Forgive me if I sound like Andy Rooney here, but can someone tell me what Deconstructed Food is? Or more accurately, WHY? I am reading the Washington Post Sunday magazine where one of the great meals featured is "Deconstructed Clam Chowder."
Picture if you will: A large plate on which there sit 4 smaller plates. Each plate contains one element of clam chowder: a hard boiled egg, a fried clam thingy, some corn and potatoes, and a small cup of ingredient-less chowder.
Now tell me: how in the hell am I supposed to eat this? There is no bowl and no spoon. So I guess I'm supposed to use my fork to dip my hard boiled egg yolk into the tiny cup of plain chowder? How so very not yummy is THAT? "Gee, you know what honey, I am totally craving a chowder-dipped hard boiled egg..."
When did food get this ludicrous? Is my "Scottish" showing that I think this dish is a total joke? I know my meat-and-potatoes-salt-is-the-only-spice background predisposes me to disdain "fancy food" as my dad calls it. But seriously. Wouldn't you be so bummed if you went to a restaurant and ordered fried chicken and got a plate with a drumstick, fried batter and a splash of salt and pepper for dipping--and got charged twice as much for your troubles? Seriously: on a purely economic level, isn't the $12 Deconstructed Chowder actually LESS work for the chef? So why am I not getting it cheaper than the real thing? I am doing the work for him!
In my philistinian (philistinic?) defense have tried over the past few years to expand my palate, to try things I would normally gag at; I've done pretty well considering. But there are still three things about fine dining that I can't deal with no matter how hard I try to get over them:
1) The need to argue with a waiter who tells you that "the chef does not prepare it that way" when you ask for well-done or over easy or whatever. I'm sorry, I thought *I* was the customer! If I don't want blood in my steak, why is that non-negotiable with Le Chef? I've always thought about just taking the food the way the chef has mandated and then refusing to pay on the theory that "I do not pay for food I don't like." He's got his rules, I've got mine.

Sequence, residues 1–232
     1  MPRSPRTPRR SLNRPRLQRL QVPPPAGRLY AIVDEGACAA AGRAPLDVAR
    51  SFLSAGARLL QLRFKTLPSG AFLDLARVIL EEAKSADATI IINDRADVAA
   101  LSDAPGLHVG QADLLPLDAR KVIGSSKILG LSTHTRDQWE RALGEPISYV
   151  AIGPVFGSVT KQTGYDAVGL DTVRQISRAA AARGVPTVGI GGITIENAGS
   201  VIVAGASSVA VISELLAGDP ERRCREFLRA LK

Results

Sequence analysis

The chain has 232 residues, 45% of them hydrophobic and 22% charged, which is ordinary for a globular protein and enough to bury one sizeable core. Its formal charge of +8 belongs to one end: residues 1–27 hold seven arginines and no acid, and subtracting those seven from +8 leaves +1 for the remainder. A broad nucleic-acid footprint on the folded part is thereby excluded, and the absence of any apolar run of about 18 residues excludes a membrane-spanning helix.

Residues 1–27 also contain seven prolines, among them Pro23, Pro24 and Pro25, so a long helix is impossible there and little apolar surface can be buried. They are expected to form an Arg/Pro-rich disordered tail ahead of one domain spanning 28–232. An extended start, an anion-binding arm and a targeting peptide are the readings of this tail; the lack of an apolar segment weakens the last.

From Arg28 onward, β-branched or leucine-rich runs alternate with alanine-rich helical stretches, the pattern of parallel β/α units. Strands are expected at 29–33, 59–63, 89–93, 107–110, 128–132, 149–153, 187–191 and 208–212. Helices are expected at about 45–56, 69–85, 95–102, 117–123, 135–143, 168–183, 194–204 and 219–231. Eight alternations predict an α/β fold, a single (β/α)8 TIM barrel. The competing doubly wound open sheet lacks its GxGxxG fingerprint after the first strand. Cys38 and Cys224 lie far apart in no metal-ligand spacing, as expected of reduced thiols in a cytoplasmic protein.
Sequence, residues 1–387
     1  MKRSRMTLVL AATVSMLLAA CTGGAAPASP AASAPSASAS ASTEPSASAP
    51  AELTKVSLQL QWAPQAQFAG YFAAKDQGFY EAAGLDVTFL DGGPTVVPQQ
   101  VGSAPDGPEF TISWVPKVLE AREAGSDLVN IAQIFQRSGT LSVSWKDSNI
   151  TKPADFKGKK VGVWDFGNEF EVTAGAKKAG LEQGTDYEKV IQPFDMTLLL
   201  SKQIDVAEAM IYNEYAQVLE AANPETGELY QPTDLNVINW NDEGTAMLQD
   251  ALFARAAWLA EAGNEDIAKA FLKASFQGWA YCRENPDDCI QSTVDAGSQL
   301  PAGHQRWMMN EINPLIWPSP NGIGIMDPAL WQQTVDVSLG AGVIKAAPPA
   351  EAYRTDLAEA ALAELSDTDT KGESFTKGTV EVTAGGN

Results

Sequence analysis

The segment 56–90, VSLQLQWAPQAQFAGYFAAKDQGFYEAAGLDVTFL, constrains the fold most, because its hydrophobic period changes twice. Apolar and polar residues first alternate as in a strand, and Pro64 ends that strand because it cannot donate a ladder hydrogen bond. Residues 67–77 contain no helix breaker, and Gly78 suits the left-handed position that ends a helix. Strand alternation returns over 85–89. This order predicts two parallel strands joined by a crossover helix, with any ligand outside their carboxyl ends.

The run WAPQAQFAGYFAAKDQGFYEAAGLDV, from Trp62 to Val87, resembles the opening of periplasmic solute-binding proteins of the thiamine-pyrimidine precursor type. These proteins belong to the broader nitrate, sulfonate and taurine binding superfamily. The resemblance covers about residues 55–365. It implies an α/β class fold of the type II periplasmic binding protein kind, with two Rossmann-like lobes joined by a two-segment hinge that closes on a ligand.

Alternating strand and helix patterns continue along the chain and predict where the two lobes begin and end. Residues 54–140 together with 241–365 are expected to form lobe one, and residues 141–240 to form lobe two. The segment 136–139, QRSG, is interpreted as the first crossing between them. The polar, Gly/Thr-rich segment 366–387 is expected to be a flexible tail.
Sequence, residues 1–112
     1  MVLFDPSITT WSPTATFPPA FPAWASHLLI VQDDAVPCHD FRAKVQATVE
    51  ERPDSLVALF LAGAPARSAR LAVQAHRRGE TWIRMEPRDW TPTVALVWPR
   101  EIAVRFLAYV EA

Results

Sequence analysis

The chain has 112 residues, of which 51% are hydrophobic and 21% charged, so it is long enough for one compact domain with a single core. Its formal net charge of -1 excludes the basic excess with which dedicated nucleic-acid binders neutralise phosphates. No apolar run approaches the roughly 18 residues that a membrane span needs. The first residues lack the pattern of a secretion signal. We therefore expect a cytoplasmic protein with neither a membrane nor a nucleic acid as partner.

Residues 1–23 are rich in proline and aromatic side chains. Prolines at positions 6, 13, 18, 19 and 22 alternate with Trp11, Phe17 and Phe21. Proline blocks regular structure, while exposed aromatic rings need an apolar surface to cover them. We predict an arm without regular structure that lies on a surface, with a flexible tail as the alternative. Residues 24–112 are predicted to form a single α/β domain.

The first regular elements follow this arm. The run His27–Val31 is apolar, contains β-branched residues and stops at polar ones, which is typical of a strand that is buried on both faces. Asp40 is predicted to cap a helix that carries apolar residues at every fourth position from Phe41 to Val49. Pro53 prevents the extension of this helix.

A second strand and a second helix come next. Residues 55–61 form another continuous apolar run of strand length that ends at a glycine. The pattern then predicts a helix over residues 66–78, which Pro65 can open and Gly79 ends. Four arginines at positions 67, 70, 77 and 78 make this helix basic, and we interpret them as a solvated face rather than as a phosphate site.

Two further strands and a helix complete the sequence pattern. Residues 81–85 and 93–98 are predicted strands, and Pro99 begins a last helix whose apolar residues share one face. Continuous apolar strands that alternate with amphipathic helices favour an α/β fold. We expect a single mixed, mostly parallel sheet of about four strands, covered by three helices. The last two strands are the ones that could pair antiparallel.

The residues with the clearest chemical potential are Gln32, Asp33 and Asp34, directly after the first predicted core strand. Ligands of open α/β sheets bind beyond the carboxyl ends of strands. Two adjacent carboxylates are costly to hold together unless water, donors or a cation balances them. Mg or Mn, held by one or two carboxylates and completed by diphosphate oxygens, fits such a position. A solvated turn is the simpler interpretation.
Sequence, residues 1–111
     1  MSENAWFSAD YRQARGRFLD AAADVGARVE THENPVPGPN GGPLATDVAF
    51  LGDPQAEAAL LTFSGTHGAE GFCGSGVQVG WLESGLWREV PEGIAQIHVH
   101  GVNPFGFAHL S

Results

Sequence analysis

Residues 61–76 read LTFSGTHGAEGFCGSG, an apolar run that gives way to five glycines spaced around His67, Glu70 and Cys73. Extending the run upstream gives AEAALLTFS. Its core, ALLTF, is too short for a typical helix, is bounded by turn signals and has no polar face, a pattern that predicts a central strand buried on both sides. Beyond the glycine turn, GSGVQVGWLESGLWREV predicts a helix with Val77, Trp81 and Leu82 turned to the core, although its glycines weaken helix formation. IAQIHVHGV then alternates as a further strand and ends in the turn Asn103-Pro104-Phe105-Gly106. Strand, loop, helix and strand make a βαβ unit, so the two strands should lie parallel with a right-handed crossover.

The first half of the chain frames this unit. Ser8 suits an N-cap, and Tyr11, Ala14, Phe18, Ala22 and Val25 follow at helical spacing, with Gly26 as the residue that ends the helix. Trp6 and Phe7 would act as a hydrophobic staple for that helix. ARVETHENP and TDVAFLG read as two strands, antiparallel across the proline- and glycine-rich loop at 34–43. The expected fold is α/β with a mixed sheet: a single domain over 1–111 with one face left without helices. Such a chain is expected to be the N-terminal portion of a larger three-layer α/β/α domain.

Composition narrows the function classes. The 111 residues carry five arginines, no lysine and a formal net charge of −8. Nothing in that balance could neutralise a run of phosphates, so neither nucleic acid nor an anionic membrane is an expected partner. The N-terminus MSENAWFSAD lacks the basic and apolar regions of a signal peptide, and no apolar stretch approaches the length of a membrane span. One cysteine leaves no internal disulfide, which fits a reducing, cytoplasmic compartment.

2)As mentioned above, food that is half done. I once ordered cioppino (seafood stew) at a restaurant here in DC. I was so excited to eat it; it sounded nice and warm and hearty on a cold night. Imagine my gag reflex when the bowl arrived with the crawfish and shrimp still in their shells, still with their eyes on, just hung over the edge of the bowl like candy canes at Christmas. You mean I'm supposed to crack those babies open while they're looking at me and then put the meat in the stew myself?! What? Is the kitchen short-staffed tonight? How is it that *I* am doing the plating here?! Good god. I damn near became a vegetarian again that night, looking deep into the eyes of my dinner. Bleah.
3) Two words: climate control. How is it that I can be paying you $40 per entree and you still can't figure out how to stop the cold outside coming screaming in the door and through the restaurant every time the damn door opens? I can list the restaurants where I have sat at my table with the coat on, praying that people would stop arriving so I could actually enjoy my $40 dinner. It's simple, people! How about a big thick curtain at the door? Or how about you take some of the money you used on the authentic Palauan wall sconces and imported teak table legs with diamond inlay from Russia and put in a double freakin' door?!!
After all, how am I supposed to enjoy my deconstructed chef-mandated super-rare steak dinner when I'm wearing mittens?